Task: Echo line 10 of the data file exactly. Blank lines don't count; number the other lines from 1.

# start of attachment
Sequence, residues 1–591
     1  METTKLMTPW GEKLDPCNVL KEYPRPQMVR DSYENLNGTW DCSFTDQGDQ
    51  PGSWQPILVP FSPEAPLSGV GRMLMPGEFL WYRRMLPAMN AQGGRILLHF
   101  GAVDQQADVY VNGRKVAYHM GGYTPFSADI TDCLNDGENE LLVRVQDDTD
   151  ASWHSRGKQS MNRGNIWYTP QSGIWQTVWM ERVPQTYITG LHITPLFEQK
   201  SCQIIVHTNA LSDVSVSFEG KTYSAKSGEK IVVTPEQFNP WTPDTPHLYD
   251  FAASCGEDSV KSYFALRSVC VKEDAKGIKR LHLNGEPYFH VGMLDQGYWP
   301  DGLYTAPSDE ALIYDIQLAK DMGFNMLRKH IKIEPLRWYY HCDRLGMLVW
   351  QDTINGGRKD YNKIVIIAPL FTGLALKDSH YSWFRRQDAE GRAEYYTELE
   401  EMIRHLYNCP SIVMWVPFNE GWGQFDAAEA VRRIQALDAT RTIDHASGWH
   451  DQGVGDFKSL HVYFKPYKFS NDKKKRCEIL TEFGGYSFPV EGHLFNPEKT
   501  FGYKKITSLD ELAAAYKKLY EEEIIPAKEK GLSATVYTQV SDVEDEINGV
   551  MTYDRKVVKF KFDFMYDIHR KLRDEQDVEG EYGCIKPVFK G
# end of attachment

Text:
   401  EMIRHLYNCP SIVMWVPFNE GWGQFDAAEA VRRIQALDAT RTIDHASGWH